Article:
Community Access at Ritter Observatory
With support from the NSF-PREST program,* Ritter is committed to making 25% of its usable observing time available to the astronomical community.
Ritter Observatory performs spectroscopic service observing on behalf of the astronomical research community. Requests for observations in support of student theses, for monitoring series on a particular star or stars, and for observations in support of other observatories, whether ground-based or spaceborne, are especially welcome. Requests are welcome at any time and can usually be accommodated within 24 hours if necessary, weather permitting.
To request spectroscopic service observations, send email to Nancy Morrison or Karen Bjorkman specifying:
For more information about the telescope and instrumentation, click here.
- Spectral resolution (normally R = 6,000 or 26,000; see the instrumentation page for options)
- Signal-to-noise ratio
- Wavelength range. The region around Hα is easiest for us to reach at present, with either spectrograph.
- Observation frequency and duration (if monitoring series)
For more information about the reduced data products, click here.
Proprietary data period: one year after the end of data collection, after which the data will be placed in the public archive. Extensions can be negotiated.
Evening visits or field trips by small classes are invited. Please contact Nancy Morrison to make arrangements.
Ritter will train undergraduate and graduate students in telescope operation and in spectroscopic observing techniques and data reduction and analysis. Because our NSF funding has expired, individual training visits will no longer be conducted, unless a prior commitment has been made. Prior commitments will be honored.
- Individual training visits will last one to two weeks. Lodging will be in a nearby hotel during the academic year or in on-campus student housing during the summer. Funding to support students' lodging expense is available. Up to four students can be accommodated at the telescope at a time.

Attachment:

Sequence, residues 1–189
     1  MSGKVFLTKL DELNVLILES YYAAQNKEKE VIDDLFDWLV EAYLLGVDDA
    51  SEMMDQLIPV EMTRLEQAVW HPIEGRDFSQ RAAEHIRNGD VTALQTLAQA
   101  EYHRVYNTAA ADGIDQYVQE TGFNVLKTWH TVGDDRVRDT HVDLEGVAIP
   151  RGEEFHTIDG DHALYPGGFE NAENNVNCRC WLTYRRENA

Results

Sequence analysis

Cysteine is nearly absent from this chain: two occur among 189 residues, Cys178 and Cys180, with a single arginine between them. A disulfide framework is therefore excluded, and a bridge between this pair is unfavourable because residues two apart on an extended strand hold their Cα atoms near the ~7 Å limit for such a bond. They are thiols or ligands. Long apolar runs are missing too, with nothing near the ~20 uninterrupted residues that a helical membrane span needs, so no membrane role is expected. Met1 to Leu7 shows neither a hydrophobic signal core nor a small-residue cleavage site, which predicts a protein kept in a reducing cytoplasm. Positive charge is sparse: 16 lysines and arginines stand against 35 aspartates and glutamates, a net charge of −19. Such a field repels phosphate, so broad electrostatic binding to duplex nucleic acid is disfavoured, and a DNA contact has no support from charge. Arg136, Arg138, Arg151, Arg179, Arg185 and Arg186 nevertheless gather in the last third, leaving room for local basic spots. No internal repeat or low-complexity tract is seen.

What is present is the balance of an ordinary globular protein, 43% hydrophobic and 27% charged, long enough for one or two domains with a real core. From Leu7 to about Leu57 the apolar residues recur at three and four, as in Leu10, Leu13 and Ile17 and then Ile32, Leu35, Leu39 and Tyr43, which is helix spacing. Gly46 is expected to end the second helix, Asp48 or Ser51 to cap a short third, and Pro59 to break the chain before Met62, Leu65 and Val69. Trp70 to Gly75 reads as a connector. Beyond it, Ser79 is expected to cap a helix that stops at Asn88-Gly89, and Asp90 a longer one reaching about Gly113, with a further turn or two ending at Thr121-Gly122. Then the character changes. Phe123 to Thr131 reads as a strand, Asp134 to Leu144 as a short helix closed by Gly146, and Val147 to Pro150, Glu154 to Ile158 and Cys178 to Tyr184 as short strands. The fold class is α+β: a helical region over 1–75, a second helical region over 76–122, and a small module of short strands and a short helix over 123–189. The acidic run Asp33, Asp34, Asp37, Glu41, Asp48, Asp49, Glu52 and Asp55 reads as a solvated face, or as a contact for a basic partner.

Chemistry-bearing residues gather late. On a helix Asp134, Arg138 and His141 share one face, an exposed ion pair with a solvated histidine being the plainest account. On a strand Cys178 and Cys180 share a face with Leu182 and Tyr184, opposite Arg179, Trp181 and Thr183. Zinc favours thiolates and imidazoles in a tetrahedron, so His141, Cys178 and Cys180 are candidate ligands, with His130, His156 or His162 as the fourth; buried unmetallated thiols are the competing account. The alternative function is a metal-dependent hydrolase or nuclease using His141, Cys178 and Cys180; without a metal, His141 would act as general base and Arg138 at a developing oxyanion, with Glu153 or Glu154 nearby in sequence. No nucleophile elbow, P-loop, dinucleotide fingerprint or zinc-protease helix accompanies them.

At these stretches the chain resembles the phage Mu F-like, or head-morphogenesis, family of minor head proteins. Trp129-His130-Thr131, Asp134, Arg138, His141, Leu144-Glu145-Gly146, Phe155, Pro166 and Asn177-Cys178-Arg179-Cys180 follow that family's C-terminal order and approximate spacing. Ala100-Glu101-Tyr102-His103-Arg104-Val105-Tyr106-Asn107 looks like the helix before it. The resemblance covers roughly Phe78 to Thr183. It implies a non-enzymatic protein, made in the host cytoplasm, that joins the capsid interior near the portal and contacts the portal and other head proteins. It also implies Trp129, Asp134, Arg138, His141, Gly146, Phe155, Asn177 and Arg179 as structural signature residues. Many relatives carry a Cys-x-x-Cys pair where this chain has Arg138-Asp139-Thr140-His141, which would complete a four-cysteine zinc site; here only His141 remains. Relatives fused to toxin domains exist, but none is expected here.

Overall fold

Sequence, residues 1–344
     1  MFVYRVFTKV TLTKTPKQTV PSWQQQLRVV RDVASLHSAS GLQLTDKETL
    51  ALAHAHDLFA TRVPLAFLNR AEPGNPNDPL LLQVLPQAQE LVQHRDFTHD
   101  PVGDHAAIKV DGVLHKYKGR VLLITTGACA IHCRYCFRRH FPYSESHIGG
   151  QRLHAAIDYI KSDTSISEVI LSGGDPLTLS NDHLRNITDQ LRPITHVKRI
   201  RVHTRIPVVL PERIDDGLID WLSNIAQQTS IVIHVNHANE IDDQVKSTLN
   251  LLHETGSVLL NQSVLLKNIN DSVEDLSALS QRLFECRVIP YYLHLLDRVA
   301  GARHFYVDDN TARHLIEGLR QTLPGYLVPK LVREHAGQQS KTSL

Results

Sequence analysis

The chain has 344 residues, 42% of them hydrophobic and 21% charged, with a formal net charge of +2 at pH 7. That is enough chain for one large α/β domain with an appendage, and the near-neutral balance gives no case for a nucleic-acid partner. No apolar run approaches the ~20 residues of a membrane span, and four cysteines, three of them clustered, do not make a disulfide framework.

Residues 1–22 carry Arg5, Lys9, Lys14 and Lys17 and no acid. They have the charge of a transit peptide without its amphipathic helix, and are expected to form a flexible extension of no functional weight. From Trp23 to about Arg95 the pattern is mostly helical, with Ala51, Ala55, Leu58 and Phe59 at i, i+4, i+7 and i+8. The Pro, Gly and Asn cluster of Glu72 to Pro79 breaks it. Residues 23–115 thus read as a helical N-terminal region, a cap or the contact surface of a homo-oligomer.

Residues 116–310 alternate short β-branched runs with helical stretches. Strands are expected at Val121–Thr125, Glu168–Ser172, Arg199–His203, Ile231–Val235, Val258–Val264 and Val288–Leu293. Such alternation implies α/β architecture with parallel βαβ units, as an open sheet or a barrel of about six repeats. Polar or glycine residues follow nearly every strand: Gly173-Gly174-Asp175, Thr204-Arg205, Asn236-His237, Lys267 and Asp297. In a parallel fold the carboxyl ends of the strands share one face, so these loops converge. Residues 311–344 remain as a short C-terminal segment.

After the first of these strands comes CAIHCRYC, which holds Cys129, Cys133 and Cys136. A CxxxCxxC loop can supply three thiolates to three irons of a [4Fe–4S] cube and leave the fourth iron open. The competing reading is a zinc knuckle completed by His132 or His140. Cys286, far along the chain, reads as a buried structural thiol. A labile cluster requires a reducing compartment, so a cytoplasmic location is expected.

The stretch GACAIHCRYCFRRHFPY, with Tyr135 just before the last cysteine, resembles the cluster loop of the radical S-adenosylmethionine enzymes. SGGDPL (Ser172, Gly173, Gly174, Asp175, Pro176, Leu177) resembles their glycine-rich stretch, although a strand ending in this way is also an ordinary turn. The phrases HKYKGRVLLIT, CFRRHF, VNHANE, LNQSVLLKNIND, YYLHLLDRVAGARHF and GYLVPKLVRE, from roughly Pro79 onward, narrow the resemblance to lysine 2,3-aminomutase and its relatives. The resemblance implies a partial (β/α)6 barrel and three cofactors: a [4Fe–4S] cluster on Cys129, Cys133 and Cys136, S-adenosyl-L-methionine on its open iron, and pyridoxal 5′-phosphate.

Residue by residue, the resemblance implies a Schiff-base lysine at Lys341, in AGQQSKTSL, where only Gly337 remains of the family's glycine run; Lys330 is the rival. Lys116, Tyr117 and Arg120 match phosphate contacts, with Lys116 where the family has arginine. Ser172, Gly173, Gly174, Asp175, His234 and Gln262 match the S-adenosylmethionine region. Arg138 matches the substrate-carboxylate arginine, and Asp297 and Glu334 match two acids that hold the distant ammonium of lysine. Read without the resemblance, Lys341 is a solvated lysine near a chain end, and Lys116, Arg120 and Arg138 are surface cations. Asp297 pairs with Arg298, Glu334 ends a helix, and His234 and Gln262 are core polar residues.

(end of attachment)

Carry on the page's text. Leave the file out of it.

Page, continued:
- On each usable night, students will spend all night at the telescope with a Toledo faculty member or a senior Ph.D. student, participating in normal in-house and service
observing programs. Students will:
- Improve their understanding of celestial coordinates and the sky
- Learn techniques of operation of a professional telescope
- Become familiar with observatory operations, including the normal precautions that observatories take against adverse environmental conditions
- On cloudy nights, students will learn data reduction and analysis with IRAF under the supervision of a faculty member or a senior Ph.D. student. For students who do not need to learn IRAF, other software is also available. Concepts covered will be tailored to the needs of the students, but they may include:
- Principles of operation of CCDs
- Concepts of spectroscopy such as the instrument profile and spectral resolution
- Error analysis of equivalent width and radial velocity measurements
- Characteristics of Ritter data as needed to carry out further analysis
- Introduction to the reduction of raw data
For a photo album from recent training sessions, click here.
For a printable flier describing the program, click here.
To apply for training, students are invited to provide by email or post
- A letter giving
- Objective for the training
- Desired time frame for the visit; provide second and third choices, if possible
- Description of planned research project, if the objective is to undertake research
- Description of future career plans
- Intended use of Ritter data archives, if any
- A transcript - official or unofficial - of previous college or university course work
- A supporting letter from a mentor or research advisor, mailed separately
Address for email applications: Nancy Morrison or Karen Bjorkman
Address for applications by post:
Nancy D. Morrison
Ritter Observatory, Mail Stop 113
NSF-PREST Training Program
The University of Toledo
2801 W. Bancroft Street
Toledo OH 43606-3390
An index to all of Ritter's archival data may be found here.
Ultimately, it will contain links to data in the public archive, which contains reduced spectra in FITS format, including spectra of
- Telluric standard stars, mostly rapidly-rotating A- and B-type main-sequence stars
- Artificial template spectra for telluric line removal
- Radial-velocity standard stars, mostly K-type giants
- Chromospherically active stars
- Selected hot emission-line stars
- Novae and symbiotic stars
*This material is based upon work supported by the National Science Foundation under Grant No. AST-0440784. Any opinions, findings, and conclusions or recommendations expressed in this material are those of the author(s) and do not necessarily reflect the views of the National Science Foundation.
Ritter Observatory home page
Document custodian: Nancy Morrison
Page last updated: September 12, 2009